3. The court inexplicably and without precedent expanded due process rights to citizens abroad from even jihadist and failed states known to be havens for jihads. At National Review David French summarizes this idiocy:

The court is going to stop enforcement of a temporary pause in entry from jihadist and jihadist-torn countries (while in a state of war against jihadist terrorists) because there are “potential claims” regarding “possible due process rights” even of illegal aliens? That’s not deference. Moreover, if you actually follow the cited legal authorities, you’ll see that none of them are on-point with this case, and all of them deal with highly-specific, individual legal claims. Yet the court used this “authority” to grant sufficient due-process rights to potential immigrants to halt enforcement of a wartime executive order motivated by the desire to protect America from the rising threat of jihadist terror. Astonishing.

4. The Court indicated it might consider, in any final determination, Trump’s campaign statements. French remarks, sensibly:

While there is precedent for considering lawmaker motivations in the Establishment Clause context, the consideration of sweeping campaign statements (about a different kind of measure entirely) push that precedent to the breaking point. Finally, and crucially, the court made a statement near the end of its opinion that is deeply, deeply troubling. In discussing the evidence before the court, the panel says this: The Government has pointed to no evidence that any alien from any of the countries named in the Order has perpetrated a terrorist attack in the United States. [Snip] whether an attack has been completed in this country is not the standard for implementing heightened security measures. The president doesn’t have to wait for completed attacks to protect the U.S. from dangerous immigrants. He can see the deteriorating security situation on the ground, evaluate the intentions and capabilities of the enemy, and then act before the enemy can strike. Indeed, that’s the goal of national defense — to prevent attacks, not respond after the carnage. 

What Next?

As various opinion writers and legal scholars debated what response by the president would be appropriate, especially given the fact that his nominee for the vacant seat on the Supreme Court remains unconfirmed, the general feeling was that it would be wise to simply can that executive order and rewrite one or more in more tightly worded language that includes evidentiary bases for the ban from each country. (It should be noteworthy that there has been no objection to the suspension from Moslem countries themselves.)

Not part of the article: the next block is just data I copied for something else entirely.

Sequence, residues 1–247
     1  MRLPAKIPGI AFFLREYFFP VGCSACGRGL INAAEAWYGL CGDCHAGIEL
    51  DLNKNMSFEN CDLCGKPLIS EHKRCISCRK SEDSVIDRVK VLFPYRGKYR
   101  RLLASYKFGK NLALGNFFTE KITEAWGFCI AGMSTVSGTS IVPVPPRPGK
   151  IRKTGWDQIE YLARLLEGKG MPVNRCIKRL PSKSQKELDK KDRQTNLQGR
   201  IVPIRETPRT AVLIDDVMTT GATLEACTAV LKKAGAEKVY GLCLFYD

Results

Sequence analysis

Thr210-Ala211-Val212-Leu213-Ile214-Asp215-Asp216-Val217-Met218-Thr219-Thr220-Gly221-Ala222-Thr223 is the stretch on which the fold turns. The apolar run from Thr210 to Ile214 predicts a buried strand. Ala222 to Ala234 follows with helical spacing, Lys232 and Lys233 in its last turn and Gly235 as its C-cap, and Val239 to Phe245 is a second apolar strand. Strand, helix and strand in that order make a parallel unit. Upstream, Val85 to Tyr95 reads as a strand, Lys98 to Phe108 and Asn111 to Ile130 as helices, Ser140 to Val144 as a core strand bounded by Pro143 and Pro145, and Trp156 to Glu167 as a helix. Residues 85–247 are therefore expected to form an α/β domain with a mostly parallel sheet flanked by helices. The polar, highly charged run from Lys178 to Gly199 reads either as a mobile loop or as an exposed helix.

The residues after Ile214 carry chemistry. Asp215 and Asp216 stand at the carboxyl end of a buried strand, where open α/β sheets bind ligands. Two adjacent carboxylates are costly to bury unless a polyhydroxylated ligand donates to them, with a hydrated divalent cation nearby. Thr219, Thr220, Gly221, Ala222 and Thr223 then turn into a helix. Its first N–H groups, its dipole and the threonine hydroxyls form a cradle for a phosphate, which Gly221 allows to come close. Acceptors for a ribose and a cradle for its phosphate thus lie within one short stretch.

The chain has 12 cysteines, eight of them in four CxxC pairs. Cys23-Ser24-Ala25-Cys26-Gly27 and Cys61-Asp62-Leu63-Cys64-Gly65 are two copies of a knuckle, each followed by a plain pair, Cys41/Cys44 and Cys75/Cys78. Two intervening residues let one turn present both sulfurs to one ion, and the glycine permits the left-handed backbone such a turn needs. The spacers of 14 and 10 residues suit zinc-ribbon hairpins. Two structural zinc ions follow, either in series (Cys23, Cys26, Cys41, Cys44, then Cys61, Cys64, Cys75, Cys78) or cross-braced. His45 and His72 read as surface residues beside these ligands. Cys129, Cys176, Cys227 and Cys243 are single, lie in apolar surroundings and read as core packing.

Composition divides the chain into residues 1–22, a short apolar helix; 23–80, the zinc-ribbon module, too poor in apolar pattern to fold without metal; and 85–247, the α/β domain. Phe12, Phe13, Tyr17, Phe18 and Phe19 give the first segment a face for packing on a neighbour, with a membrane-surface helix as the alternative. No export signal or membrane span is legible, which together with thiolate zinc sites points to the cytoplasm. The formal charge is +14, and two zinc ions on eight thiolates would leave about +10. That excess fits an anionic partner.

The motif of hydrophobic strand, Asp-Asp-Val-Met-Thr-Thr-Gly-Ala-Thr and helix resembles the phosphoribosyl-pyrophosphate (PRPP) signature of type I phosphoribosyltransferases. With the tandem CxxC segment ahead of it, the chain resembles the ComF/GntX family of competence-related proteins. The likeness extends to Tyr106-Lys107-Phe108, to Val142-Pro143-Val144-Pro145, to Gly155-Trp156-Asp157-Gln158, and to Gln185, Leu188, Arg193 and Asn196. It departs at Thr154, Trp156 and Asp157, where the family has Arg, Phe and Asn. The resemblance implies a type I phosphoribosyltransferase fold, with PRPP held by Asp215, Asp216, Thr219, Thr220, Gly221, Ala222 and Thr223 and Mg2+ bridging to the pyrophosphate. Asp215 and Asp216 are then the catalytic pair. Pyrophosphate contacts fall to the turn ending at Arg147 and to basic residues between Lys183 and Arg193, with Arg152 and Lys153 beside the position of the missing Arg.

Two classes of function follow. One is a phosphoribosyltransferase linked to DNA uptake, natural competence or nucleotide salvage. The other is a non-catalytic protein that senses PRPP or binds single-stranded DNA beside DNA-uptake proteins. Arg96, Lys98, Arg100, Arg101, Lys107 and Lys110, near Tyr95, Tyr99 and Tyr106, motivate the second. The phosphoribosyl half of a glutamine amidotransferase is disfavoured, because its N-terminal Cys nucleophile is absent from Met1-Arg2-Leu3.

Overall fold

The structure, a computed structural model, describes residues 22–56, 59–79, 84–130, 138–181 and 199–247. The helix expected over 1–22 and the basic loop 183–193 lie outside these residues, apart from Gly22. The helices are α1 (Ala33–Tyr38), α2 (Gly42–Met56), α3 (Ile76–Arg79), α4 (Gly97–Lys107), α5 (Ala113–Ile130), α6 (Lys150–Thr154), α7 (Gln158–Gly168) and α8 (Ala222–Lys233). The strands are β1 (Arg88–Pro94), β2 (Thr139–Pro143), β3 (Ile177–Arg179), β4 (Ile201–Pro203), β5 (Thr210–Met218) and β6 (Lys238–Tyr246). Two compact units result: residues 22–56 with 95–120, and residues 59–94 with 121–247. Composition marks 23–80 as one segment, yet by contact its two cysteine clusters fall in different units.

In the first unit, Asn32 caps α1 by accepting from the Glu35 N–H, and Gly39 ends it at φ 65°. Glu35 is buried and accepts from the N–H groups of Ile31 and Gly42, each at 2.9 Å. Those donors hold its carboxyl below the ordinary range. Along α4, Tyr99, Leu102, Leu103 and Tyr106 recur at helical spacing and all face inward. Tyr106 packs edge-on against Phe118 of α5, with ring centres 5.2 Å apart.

Just as those often thoughtful suggestions were written and published, the Ninth Circuit offered up another surprise.

In a rare move, one of the judges on the Ninth Circuit of Appeals has made a request that a vote be taken as to whether the order issued by the three judges Thursday night should be reconsidered en banc, which means before 11 federal judges of the Ninth Circuit. It’s not clear if this means that this judge (who was not named in the order) believes that there are enough votes to overturn the lower court’s decision which put a temporary halt on Trump’s controversial travel ban or if the judge simply wasn’t satisfied with the panel’s decision. Regardless, it is an interesting move that could bode well for President Trump, and throws yet another legal twist into the ongoing court battle between Trump and those trying to prevent his controversial immigration ban from being enforced. [snip] federal judges are allowed to call for an en banc vote themselves even if neither party petitions for a rehearing.

Chief Judge Sidney Thomas of the 9th Circuit Court has instructed both Trump’s DOJ team and lawyers for the State of Washington and Minnesota to file briefs due by Thursday February 16th, stating whether they believe the motion should be considered en banc. To get a rehearing, a majority of the 29 active judges on the court would need to vote in favor.